By Chris Reed.
California’s three giant investor-owned utilities haven’t given up on hopes that state leaders and regulators may give their shareholders the financial protection they want in an era offrequent massive wildfires linked to climate change – and their hopes don’t seem as dim as they used to be.
In late November, the California Public Utilities Commission issued what syndicated columnist Thomas Elias called “perhaps its most consumer-friendly decision in several decades.” Affirming staff recommendations made in August, the CPUC board unanimously rejected a bid by San Diego Gas & Electric to pass along $379 million in unrecovered costs stemming from three blazes in 2007 that ravaged San Diego’s northeast suburbs, the city of Poway and unincorporated county areas, torching over 1,300 homes. The CPUC board noted that two independent investigations had concluded the fires were SDG&E’s fault because of poor maintenance practices in high-risk fire areas, and that utility shareholders – not ratepayers – should pay the bill.
But as the bureaucratic decision-making process played out in the San Diego case, the CPUC’s decision in the matter came to have immense importance to Pacific Gas & Electric because of what happened in its own back yard – the brutal October 2017 Wine Country wildfires (pictured). The cost of those Northern California blazes – about $10 billion – dwarfs the cost of San Diego County’s 2007 fires. PG&E’s liability exposure is also expected to be much higher than SDG&E’s – likely in the billions of dollars, according to reports that have regularly blamed PG&E wildfire management practices for the conflagrations, which left more than 40 dead.
PG&E, SDG&E and Southern California Edison officials see the CPUC ruling as a potential existential threat in a hotter, drier era and weren’t ready to let it stand as the final word. This led to what seemed like a long-shot January appeal by the three utilities seeking a new CPUC hearing for SDG&E’s bid for $379 million in relief.
It may not be as long a shot any longer. Gov. Jerry Brown issued a pronouncement March 13 mostly devoted to new efforts to minimize wildfire risk. But its passing reference to the governor’s interest in new legislation that would “update liability rules and regulations forutility services in light of changing climate” conditions caught the eye of Wall Street, at least.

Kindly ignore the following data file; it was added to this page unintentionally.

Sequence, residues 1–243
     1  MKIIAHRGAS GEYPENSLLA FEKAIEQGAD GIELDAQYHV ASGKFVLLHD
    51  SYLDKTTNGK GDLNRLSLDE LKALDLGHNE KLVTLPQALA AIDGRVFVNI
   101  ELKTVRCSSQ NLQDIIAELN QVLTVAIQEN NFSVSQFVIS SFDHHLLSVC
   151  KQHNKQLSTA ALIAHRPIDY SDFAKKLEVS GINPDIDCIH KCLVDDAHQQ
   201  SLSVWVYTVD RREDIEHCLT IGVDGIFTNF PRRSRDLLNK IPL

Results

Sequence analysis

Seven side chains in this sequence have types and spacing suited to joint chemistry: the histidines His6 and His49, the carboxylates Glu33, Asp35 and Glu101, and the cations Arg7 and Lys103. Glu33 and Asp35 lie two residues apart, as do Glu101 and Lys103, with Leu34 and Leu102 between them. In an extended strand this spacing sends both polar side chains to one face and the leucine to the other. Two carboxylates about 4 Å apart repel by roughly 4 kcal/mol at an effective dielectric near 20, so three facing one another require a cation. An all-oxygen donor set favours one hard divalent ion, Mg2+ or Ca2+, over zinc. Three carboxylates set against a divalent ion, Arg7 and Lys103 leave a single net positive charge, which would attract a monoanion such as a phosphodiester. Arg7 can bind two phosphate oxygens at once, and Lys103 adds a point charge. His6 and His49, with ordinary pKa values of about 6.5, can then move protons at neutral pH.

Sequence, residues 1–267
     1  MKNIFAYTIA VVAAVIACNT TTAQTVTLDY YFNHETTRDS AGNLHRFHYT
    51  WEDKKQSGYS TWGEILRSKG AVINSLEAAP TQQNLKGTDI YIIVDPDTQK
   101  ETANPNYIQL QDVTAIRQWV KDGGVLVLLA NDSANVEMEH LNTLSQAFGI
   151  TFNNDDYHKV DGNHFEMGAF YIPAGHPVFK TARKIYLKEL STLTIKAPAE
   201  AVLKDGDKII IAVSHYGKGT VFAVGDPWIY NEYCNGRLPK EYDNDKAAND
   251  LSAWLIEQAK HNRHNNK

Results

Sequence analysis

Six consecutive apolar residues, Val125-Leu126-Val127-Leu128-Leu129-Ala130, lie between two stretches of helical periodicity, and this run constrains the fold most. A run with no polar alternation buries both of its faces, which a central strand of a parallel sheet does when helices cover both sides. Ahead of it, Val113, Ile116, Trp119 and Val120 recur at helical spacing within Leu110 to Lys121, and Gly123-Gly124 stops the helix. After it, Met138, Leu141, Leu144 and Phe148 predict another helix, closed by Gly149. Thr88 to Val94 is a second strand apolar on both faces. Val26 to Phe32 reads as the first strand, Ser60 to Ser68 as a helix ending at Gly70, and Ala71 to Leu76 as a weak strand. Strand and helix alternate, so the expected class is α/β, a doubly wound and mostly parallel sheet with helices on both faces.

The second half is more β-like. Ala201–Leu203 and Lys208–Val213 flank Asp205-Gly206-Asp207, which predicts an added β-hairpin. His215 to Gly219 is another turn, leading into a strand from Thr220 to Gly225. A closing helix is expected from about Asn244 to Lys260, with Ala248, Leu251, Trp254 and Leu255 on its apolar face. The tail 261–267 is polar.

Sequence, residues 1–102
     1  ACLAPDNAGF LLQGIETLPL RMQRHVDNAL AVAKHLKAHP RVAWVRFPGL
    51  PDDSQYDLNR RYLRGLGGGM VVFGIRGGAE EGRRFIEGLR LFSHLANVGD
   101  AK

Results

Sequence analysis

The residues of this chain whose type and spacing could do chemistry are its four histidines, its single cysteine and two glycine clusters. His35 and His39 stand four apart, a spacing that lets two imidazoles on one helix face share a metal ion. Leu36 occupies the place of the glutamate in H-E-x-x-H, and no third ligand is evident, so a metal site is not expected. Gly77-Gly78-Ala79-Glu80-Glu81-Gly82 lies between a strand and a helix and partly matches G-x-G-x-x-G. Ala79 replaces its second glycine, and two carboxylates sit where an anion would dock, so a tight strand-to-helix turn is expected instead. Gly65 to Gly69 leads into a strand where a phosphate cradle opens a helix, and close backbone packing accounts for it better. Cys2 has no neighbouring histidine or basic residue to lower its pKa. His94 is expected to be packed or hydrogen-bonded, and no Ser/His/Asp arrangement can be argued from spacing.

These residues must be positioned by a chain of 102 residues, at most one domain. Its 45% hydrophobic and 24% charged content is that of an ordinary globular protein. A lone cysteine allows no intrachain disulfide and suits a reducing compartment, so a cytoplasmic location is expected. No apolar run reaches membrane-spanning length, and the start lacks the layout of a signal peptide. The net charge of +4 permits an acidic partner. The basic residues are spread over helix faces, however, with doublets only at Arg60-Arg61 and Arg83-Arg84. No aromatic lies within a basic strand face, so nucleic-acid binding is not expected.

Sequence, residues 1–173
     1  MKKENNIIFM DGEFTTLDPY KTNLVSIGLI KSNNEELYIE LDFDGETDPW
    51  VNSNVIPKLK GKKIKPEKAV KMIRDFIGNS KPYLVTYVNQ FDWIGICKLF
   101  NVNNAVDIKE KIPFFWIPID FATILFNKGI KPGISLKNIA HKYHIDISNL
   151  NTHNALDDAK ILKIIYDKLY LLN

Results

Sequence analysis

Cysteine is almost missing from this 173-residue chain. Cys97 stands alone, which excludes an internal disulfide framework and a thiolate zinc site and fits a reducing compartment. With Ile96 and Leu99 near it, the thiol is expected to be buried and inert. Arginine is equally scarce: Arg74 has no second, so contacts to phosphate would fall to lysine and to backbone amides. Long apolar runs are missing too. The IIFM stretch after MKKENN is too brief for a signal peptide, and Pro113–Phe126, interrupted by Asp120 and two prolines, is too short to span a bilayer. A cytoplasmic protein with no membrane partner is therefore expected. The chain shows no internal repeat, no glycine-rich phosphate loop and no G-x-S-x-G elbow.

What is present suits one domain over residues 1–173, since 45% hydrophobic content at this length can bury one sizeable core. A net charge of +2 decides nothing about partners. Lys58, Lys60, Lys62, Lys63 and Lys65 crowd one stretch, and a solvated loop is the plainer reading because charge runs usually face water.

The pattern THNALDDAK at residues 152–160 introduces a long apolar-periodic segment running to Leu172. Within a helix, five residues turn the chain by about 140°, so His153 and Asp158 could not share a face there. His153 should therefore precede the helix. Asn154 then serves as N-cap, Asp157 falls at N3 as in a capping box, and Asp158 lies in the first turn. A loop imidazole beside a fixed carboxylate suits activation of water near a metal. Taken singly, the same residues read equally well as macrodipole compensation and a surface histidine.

PG&E stock price jumps on report from governor’s office
Barron’s gave PG&E its “hot stock” appellation after the utility’s stock price jumped 6.3 percent on March 13, to $45.10. As of the end of trading Friday, the price was down to$43.08. But that was still up more than 20 percent from its mid-February low.
Ultimately, the question of whether the utilities will get help from the California Legislature and the CPUC seems certain to become a huge political football. The governor has long been seen as close to the three utilities, vetoing reform bills related to recent scandals that have easily passed the Assembly and Senate in recent years.
But Brown is termed out and in his final eight-plus months on the job. With California Democratic politics seeming to have entered an intensely populist phase, leading candidates to replace Brown such as Lt. Gov. Gavin Newsom and former Los Angeles Mayor Antonio Villaraigosa may hesitate to back rule changes that can be depicted as insulating the utilities from the costs of their poor practices in addressing wildfire risks.
Several state legislators are determined to head off any lessening of utilities’ liabilities for their mistakes. In January, Sen. Jerry Hill, D-San Mateo, and seven co-sponsors in the Senate and Assembly introduced Senate Bill 819. Hill called it an “outrage” that state utilities wanted to make their customers pay for damages that “result from negligent practices.”
An April 17 hearing has been scheduled for the legislation.